Believe it or not, that was a abbreviated version of the story – I edited it just for you! 😆

Now, on to write my last pre-blogattical post!. . .

nrhatch - August 28, 2011

I like my {{S~P~L~A~S~H}} better than your {{S~P~L~A~T}}.

Have FUN writing your pre-blogattical post! 😀

Paula Tohline Calhoun - August 28, 2011

You realize of course that hitting water at maximum velocity is the same as hitting concrete. . .

Neither one sounds particularly pleasant to me, and I agree that writing my pre-blogattical post sounds like a lot more fun. . . 😉

nrhatch - August 28, 2011

Yes. I do. But I pictured him landing with a gentle splash.

3. kateshrewsday - August 29, 2011

Fantastic. I must take a few lessons with you in brevity.

nrhatch - August 29, 2011

Thanks, Kate! For a time, I participated in several WEbook projects based on brevity, including Cinema 50:

http://www.webook.com/project/Cinema-50

Review the best in film and DVD, from cinema blockbusters to old time classics – films that made you laugh, scream or cry – but keep it short – only 50 words allowed!

Wonderful FUN recalling favorite films and distilling them to their essence . . . with including spoilers.

Your posts may not be brief . . . but they are a delight to read. Always!

4. Rufus' Food and Spirits Guide - August 29, 2011

Pretty funny one. Great picture too.

nrhatch - August 29, 2011

That photo is taken from a tower in Robinson Preserve, along the Manatee River . . . with the Sunshine Skyway Bridge in the distance.

A great spot to catch the sea breezes.

5. eof737 - August 30, 2011

That is a beautiful scene to revisit…. Where were you on this one? 😉

nrhatch - August 30, 2011

That photo is taken from a tower in Robinson Preserve, along the Manatee River . . . with the Sunshine Skyway Bridge in the distance.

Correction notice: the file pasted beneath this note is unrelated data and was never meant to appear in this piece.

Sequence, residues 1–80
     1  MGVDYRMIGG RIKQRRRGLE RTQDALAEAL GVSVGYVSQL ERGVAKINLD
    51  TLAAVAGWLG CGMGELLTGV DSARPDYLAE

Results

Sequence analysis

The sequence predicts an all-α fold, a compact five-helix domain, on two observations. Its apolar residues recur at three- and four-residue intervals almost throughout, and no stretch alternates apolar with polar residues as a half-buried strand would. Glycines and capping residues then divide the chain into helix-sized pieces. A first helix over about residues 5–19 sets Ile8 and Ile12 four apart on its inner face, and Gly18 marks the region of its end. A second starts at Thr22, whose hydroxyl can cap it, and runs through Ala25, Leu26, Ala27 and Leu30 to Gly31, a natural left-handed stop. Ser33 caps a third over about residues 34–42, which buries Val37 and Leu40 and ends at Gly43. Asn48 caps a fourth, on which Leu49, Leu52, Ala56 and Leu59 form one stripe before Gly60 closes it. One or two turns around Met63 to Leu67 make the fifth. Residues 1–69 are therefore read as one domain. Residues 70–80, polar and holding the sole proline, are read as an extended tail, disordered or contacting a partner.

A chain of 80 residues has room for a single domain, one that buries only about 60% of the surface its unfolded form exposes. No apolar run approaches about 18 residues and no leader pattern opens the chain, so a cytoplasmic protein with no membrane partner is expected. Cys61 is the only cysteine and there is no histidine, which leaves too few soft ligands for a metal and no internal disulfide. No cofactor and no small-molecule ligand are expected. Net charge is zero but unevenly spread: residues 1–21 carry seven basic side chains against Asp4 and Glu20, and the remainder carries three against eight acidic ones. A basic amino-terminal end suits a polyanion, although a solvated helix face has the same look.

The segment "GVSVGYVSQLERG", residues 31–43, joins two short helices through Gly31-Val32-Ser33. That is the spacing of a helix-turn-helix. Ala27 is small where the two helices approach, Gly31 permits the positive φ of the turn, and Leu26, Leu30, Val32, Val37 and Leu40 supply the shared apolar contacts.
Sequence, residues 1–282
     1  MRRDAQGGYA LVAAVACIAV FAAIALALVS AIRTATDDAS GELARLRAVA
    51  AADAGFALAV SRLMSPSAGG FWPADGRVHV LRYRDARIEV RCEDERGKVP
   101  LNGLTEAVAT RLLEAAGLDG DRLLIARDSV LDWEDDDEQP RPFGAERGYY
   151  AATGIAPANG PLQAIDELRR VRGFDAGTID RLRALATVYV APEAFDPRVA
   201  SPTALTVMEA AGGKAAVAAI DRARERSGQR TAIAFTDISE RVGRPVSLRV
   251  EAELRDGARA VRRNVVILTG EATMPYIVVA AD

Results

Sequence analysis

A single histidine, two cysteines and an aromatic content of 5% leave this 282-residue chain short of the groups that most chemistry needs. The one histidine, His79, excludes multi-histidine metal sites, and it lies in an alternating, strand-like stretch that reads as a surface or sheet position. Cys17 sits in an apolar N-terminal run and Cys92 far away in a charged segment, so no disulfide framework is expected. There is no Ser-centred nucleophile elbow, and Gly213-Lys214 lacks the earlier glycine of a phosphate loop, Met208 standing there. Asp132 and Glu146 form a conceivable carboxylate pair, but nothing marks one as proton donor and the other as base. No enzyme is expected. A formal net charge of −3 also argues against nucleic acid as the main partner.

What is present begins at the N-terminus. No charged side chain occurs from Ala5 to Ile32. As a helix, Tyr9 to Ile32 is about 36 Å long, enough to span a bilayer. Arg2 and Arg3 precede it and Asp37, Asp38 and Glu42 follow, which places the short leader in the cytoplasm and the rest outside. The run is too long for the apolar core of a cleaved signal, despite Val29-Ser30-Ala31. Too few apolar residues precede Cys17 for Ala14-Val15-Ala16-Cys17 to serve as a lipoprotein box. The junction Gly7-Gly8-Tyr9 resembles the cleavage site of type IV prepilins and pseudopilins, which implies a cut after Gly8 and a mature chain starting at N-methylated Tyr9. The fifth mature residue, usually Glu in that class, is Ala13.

A great spot to catch the sea breezes.

6. gospelwriter - August 31, 2011

A view to die for? 😉

nrhatch - September 1, 2011

Well put, Ruth. 😉

7. Weekly Photo Challenge: UP! | Mirth and Motivation - September 1, 2011

[…] Weekly Photo Challenge…UP (nrhatch.wordpress.com) […]

8. 2e0mca - September 1, 2011

Interesting take on the subject. Enjoyed Paula’s story too. Here’s a true one.

On my travels I got talking to a fellow pilot at Sibson. He was employed to take the parachutists up for their jumps in an old Cessna 206. On one occasion over the jump zone, after the students had left the plane, the parachute instructor leant over his shoulder and yanked out the ignition keys before gleefully leaping out the door with them…

Just as well we’re trained to deal with engine failures 🙂

nrhatch - September 1, 2011

OMG! Did the plane crash? Or was someone still on board to “glide” it down safely?

2e0mca - September 1, 2011

The pilot trimmed it and the brought it down safely to the airfield. Like I said – it’s what we’re trained to do 🙂 Cessna 206’s glide really well unlike my old PA28 – which glided slightly less well than a brick 😉 Still get her down safely though if the engine stops! I used to practise at least once a month – it was good fun to simulate engine failures between cross-country flights.

nrhatch - September 1, 2011

That’s very cool. Scary, but cool.